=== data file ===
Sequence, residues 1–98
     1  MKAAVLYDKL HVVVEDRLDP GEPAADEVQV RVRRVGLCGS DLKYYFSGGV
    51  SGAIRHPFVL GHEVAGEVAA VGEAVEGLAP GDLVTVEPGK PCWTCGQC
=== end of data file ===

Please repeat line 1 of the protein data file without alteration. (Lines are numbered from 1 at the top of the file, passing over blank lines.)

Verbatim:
Sequence, residues 1–98